public void onProvideAssistContent(AssistContent assistContent) {
  super.onProvideAssistContent(assistContent);

  String structuredJson = new JSONObject()
       .put("@type", "MusicRecording")
       .put("@id", "https://example.com/music/recording")
       .put("name", "Album Title")
       .toString();

  assistContent.setStructuredData(structuredJson);
}

You can also improve the user experience with custom implementations of onProvideAssistContent(), which can provide the following benefits:

Note: Apps that use a custom text selection implementation likely need to implement onProvideAssistContent() and call setClipData().

Default implementation

If neither the onProvideAssistData() nor the onProvideAssistContent() callback is implemented, the system still proceeds and passes the automatically collected information to the assistant unless the current window is flagged as secure. As shown in Figure 3, the system uses the default implementations of onProvideStructure() and onProvideVirtualStructure() to collect text and view hierarchy information. If your view implements custom text drawing, override onProvideStructure() to provide the assistant with the text shown to the user by calling setText(CharSequence).

In most cases, implementing accessibility support enables the assistant to obtain the information it needs. To implement accessibility support, observe the best practices described in Making Applications Accessible, including the following:

Excluding views from the assistant

To handle sensitive information, your app can exclude the current view from the assistant by setting the FLAG_SECURE layout parameter of the WindowManager. You must set FLAG_SECURE explicitly for every window created by the activity, including dialogs. Your app can also use setSecure() to exclude a surface from the assistant. There is no global (app-level) mechanism to exclude all views from the assistant. Note that FLAG_SECURE does not cause the Assist API callbacks to stop firing. The activity that uses FLAG_SECURE can still explicitly provide information to the assistant using the callbacks described earlier this guide.

Note: For enterprise accounts (Android for Work), the administrator can disable the collection of assistant data for the work profile by using the setScreenCaptureDisabled() method of the DevicePolicyManager API.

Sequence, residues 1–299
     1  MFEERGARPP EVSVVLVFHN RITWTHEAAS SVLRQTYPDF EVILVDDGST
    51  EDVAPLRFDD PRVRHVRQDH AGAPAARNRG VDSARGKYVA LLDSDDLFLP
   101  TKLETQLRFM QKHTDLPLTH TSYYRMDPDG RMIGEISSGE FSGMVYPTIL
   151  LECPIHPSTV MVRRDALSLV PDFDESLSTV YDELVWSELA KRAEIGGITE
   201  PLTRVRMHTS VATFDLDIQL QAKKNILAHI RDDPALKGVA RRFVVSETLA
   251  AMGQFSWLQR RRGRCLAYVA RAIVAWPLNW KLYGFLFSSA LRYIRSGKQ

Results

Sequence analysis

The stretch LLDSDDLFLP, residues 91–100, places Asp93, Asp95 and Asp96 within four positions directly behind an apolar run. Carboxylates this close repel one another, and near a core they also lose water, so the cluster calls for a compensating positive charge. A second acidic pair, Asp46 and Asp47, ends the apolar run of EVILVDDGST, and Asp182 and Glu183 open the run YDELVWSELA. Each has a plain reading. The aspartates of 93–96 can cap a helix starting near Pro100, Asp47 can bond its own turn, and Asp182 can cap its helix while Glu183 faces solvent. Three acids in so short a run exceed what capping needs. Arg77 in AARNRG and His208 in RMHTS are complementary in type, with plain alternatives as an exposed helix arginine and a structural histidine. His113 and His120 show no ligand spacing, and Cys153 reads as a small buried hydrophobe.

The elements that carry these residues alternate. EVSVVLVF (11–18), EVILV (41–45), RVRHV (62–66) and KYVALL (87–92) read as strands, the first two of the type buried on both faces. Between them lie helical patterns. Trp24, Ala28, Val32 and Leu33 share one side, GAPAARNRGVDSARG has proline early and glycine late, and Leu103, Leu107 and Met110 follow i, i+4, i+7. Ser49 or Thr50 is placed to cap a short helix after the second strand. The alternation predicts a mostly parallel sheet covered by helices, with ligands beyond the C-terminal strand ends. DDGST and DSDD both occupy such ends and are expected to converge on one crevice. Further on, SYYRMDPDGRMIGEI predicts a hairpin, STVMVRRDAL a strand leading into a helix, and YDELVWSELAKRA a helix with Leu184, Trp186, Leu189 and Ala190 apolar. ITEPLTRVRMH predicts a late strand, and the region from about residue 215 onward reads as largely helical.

Voice interactions

Assist API callbacks are also invoked upon keyphrase detection. For more information, see the Voice Actions documentation.

Z-order considerations

The assistant uses a lightweight overlay window displayed on top of the current activity. Because the user can activate the assistant at any time, don't create permanent system alert windows that interfere with the overlay window, as shown in Figure 4.

Figure 4. Assist layer Z-order

If your app uses system alert windows, remove them promptly because leaving them on the screen degrades the user experience.

Destination app

The assistant typically takes advantage of deep linking to find destination apps. To make your app a potential destination app, consider adding deep linking support. The matching between the current user context and deep links or other potential actions displayed in the overlay window (shown in step 3 in Figure 1) is specific to the assistant’s implementation. For example, the Google App uses deep linking and Firebase App Indexing in order to drive traffic to destination apps.

Implementing Your Own Assistant

You may wish to implement your own assistant. As shown in Figure 2, the user can select the active assistant app. The assistant app must provide an implementation of VoiceInteractionSessionService and VoiceInteractionSession as shown in this VoiceInteraction example. It also requires the BIND_VOICE_INTERACTION permission. The assistant can then receive the text and view hierarchy represented as an instance of the AssistStructure in onHandleAssist(). It receives the screenshot through onHandleScreenshot().